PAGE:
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Raymond Pettibon
No Title (Safe he called…)

June 3 – July 1, 2013
Billboard next to the High Line at 18th Street and 10th Avenue

Legendary artist Raymond Pettibon has been composing an extensive body of works that include drawings which investigate multifaceted aspects of American culture, touching upon issues of religion, politics, sexuality, literature, and sport. Pettibon emerged in the late 1970s in the underground music scene of Los Angeles, where he became known for do-it-yourself posters, fanzines, and album covers for punk-rock bands like Black Flag and Sonic Youth. Since then, he has been using the language of comics and caricature to sketch a portrait of America through its deepest feelings and desires.

For the High Line, Pettibon presents No Title (Safe he called…), 2010, a work from his famous series of baseball drawings. With dense strokes and expressionistic lines, Pettibon conveys the movement and dynamism of a game between the Boston Red Sox and the Brooklyn Dodgers. The drawing evokes a longstanding history well-known to baseball fans: the departure of the Dodgers from Brooklyn to Los Angeles. Pettibon alludes to an East Coast-West Coast feud throughout the drawing: on the left he writes “Moses,” a reference to both Robert Moses, the New York City power broker who played a major role in the Dodgers move from Brooklyn to L.A., and the biblical Moses, who led his people on an exodus to the promised land. “Jackie” refers to Jackie Robinson, the first African American to play in the Major League, while “Where Brooklyn at?” references the chant from the famous freestyle rap battle between East Coast rapper Notorious B.I.G. and West Coast rapper Tupac Shakur.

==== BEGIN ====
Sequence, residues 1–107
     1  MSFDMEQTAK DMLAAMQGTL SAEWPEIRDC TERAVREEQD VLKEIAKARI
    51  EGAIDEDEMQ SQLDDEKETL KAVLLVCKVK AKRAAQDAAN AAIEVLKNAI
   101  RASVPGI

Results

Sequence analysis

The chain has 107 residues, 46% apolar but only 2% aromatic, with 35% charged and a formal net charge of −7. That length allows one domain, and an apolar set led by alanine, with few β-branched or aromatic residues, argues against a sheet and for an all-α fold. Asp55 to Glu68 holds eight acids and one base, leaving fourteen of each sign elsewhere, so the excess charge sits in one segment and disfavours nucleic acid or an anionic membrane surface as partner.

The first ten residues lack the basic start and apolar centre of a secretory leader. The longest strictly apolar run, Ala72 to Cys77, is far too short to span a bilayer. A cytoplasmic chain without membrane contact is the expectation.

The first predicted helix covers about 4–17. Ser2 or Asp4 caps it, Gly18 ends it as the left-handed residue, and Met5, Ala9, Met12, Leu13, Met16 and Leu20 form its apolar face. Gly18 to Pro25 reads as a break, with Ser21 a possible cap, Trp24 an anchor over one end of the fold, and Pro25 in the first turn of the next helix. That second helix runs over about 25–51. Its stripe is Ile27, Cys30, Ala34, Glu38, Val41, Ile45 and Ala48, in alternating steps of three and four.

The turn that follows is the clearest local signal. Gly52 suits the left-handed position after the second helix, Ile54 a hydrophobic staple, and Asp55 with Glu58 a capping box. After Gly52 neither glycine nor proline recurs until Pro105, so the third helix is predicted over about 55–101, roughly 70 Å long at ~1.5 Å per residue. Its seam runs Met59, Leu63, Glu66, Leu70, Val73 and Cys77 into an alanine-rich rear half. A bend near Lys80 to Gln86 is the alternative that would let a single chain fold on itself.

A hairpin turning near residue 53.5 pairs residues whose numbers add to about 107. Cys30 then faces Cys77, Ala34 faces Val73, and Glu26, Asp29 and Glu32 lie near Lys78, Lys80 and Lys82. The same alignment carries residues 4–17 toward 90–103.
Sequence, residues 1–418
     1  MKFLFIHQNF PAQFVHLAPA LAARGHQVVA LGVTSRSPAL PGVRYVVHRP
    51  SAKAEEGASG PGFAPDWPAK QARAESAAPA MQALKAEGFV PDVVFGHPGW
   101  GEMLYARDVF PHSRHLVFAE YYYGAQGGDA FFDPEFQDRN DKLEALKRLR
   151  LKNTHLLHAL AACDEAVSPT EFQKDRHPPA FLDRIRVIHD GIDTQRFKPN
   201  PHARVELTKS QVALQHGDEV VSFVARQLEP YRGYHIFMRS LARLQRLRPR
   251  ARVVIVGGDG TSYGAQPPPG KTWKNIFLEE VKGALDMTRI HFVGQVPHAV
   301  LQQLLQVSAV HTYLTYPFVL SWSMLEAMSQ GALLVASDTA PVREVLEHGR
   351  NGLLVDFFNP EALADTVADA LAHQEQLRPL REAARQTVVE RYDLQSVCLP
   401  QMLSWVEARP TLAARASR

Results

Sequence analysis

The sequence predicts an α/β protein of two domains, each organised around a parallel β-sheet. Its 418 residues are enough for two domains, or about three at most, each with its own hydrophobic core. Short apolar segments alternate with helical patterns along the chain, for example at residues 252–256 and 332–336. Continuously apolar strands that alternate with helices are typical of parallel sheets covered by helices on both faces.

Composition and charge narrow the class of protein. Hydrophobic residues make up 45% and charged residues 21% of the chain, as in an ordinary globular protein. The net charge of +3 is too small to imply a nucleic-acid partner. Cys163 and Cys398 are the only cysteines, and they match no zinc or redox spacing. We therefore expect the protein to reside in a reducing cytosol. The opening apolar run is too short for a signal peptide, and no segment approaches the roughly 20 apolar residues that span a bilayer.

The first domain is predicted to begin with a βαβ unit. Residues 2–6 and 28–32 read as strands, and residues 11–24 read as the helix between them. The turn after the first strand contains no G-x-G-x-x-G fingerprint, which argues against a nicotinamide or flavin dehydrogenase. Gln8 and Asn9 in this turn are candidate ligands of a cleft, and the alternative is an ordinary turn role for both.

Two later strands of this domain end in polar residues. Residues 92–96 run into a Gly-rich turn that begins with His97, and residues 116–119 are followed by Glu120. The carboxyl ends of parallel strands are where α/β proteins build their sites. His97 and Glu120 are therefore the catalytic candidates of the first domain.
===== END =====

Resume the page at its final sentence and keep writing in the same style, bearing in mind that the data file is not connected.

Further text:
Photos by Timothy Schenck. 

Raymond Pettibon

Raymond Pettibon’s (b. 1957, Arizona) work embraces a wide spectrum of American “high” and “low” culture. Upcoming solo exhibitions include David Zwirner, New York (September 2013). Selected solo exhibitions include Kunstmuseum Luzern, Lucerne, Switzerland (2012); Kestnergesellschaft, Hanover (2007); Kunsthalle Wien, Vienna (2006); Centro de Arte Contemporáneo de Málaga, Málaga, Spain (2006); Museum of Contemporary Art San Diego, La Jolla, California (2005); and the Whitney Museum of American Art, New York (2005). In 1998, he had his first major American museum presentation, organized by The Renaissance Society at the University of Chicago in collaboration with the Philadelphia Museum of Art, which traveled to The Drawing Center, New York, and the Museum of Contemporary Art, Los Angeles. Major international group exhibitions and biennials include the Liverpool Biennial, England (2010); SITE Santa Fe, New Mexico (2010 and 2004); the Venice Biennale, Venice (2007 and 1999); the Whitney Biennial, New York (2004, 1997, 1993, and 1991); and Documenta XI, Kassel, Germany (2002).


High Line Art is presented by Friends of the High Line and the New York City Department of Parks & Recreation. High Line Art is made possible by Donald R. Mullen, Jr. and The Brown Foundation, Inc. of Houston, and Vital Projects Fund, Inc. High Line Art is supported, in part, with public funds from the New York City Department of Cultural Affairs in partnership with the City Council and from the New York State Council on the Arts with the support of Governor Andrew Cuomo and the New York State Legislature. In-kind support provided by Maharam.

Space for High Line Billboard is donated by

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